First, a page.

OXFORD – Speaking for the first time since a celebrity arrived in their midst, the public comments of Ole Miss football players regarding quarterback Jeremiah Masoli were all the same:
“Welcome. We want you here.”
Presently, nothing suggests private comments are at all different.
Coming off back-to-back 9-4 seasons, the Rebels gathered for media day Monday with team chemistry a valid question.
Masoli, the former Oregon quarterback, was involved in two scrapes with the law in less than six months, the first resulting in suspension for the 2010 season, the latter in his dismissal.
He had served time in a juvenile detention facility before arriving at Oregon.
Masoli was 20-6 as a two-year starter, the second-team All-Pac 10 quarterback as chosen by league coaches last year. Had he remained at Oregon he likely would have gained some Heisman Trophy attention.
A quarterback competition is under way, primarily with third-year sophomore Nathan Stanley but also with junior college transfer Randall Mackey.
It’s not your typical August. A set of circumstances was put in motion in late July when redshirt freshman quarterback Raymond Cotton announced he was transferring. Players, however, say they’re a tight-knit group and that the unusualness of the situation won’t pull them apart.
“Ultimately you want to win, but you don’t want to mess up what you have,” senior linebacker Johnathan Cornell said. “He has to fit in with the team.”
Masoli, meeting with local media for the first time, indicated he has every intention to do just that.
“The team has been nothing but welcoming,” he said. “You can tell they have a great bond together, and I’m glad to be a part.”
Masoli followed Ole Miss coach Houston Nutt at the podium and fielded questions for about 20 minutes. It’s unlikely Masoli will appear before media again for several weeks.
Before he began Nutt asked reporters to respect Masoli by not “worry so much about what happened in the past.”
Certainly, that’s where Masoli’s focus is. He expressed appreciation to Nutt and the school’s administration for allowing him to enroll and play football.
Masoli still must gain a waiver from the NCAA of its one-year residency rule.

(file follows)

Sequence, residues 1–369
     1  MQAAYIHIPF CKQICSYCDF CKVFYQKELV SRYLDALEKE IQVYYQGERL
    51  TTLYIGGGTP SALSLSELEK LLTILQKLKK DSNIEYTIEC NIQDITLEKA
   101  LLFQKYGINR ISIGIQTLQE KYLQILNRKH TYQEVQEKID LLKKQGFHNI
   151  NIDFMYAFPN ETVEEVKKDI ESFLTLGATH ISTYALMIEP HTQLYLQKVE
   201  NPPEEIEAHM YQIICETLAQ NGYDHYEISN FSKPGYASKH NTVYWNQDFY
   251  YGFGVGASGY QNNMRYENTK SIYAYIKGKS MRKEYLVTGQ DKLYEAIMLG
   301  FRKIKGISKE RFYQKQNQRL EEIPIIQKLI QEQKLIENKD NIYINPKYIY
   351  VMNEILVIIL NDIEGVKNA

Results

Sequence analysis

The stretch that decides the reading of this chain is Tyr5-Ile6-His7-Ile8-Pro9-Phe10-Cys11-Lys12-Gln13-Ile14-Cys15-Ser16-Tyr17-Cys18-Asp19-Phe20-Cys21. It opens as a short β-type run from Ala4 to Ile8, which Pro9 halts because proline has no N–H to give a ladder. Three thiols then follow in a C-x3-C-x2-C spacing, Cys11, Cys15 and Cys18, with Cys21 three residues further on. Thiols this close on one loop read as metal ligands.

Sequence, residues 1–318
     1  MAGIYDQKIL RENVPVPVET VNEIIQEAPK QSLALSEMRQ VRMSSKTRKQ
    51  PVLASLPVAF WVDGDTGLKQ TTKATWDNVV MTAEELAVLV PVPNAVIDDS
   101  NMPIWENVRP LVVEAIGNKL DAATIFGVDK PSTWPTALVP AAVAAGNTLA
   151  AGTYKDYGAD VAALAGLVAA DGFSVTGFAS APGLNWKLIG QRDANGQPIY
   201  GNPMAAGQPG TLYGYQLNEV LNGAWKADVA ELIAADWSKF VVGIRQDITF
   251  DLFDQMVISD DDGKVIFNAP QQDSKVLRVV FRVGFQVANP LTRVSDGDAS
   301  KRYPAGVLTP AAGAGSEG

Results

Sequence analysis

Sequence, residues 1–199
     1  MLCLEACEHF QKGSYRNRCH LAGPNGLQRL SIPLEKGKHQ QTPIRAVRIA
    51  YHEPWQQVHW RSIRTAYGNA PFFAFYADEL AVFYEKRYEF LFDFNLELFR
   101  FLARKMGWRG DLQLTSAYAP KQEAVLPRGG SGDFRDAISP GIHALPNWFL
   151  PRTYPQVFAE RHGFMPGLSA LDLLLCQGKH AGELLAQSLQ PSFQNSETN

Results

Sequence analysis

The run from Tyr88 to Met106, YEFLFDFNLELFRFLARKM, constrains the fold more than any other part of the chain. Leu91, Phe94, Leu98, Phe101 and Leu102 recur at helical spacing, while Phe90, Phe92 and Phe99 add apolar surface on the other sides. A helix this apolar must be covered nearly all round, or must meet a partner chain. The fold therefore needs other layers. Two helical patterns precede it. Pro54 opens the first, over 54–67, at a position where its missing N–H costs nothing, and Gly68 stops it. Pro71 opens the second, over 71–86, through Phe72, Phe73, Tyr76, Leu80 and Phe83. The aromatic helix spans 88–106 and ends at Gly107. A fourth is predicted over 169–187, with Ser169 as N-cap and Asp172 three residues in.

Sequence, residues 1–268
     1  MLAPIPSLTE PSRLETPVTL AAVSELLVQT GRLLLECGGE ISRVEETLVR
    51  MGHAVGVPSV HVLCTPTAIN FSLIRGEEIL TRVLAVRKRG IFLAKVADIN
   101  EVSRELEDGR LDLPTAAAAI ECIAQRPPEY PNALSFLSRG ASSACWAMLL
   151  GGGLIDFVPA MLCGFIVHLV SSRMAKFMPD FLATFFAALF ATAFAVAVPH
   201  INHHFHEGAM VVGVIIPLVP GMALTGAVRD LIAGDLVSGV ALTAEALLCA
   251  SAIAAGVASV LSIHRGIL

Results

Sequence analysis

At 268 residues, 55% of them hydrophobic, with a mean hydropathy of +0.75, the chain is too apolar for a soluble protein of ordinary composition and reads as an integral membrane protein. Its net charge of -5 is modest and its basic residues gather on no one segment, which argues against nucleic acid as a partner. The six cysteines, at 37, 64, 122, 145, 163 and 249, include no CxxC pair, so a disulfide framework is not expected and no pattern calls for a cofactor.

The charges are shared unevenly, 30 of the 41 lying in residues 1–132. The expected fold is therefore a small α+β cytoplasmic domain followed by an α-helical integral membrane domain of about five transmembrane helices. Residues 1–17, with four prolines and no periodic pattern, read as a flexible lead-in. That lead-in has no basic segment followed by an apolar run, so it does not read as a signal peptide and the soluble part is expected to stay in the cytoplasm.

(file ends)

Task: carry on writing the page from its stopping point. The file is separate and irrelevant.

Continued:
“The past will always be there,” Masoli said. “This isn’t just about football for me. It’s about proving myself. Coach Nutt has given me another chance. I’m determined to do the best I can with it and not let anyone down.”
On board with Masoli
Nutt said he talked to Stanley as soon as it became apparent he would seek another quarterback, probably Masoli, who said he had “opportunities” with about a half dozen Football Bowl Subdivision schools.
“I am interested in what’s best for the team, and bringing Jeremiah in is going to help us out,” Stanley said. “He established himself at Oregon as a great player. I’m excited to have him.”
So are the upperclassmen. When word began to circulate that Masoli could land at Ole Miss, a group of the leadership fabric went to Nutt with one clear message: “Make it happen.”
Says defensive tackle Jerrell Powe: “We said, ‘Coach we’ve got to get this guy. I saw him play a couple of games last year, and I ain’t never seen anybody run the zone read (option) like that. We told coach Nutt, ‘We’ve got to have him.’”
Powe, one of Masoli’s hosts on his initial visit to the Ole Miss campus, says Masoli will make everyone better.
“I think Nate and Randall look at it as an opportunity to step their game up. With the pressure that comes from competition, they’ll step their game up, and we’ll have the right guy in there.”
Contact Parrish Alford at 662-678-1600 or firstname.lastname@example.org.
Parrish Alford/NEMS Daily Journal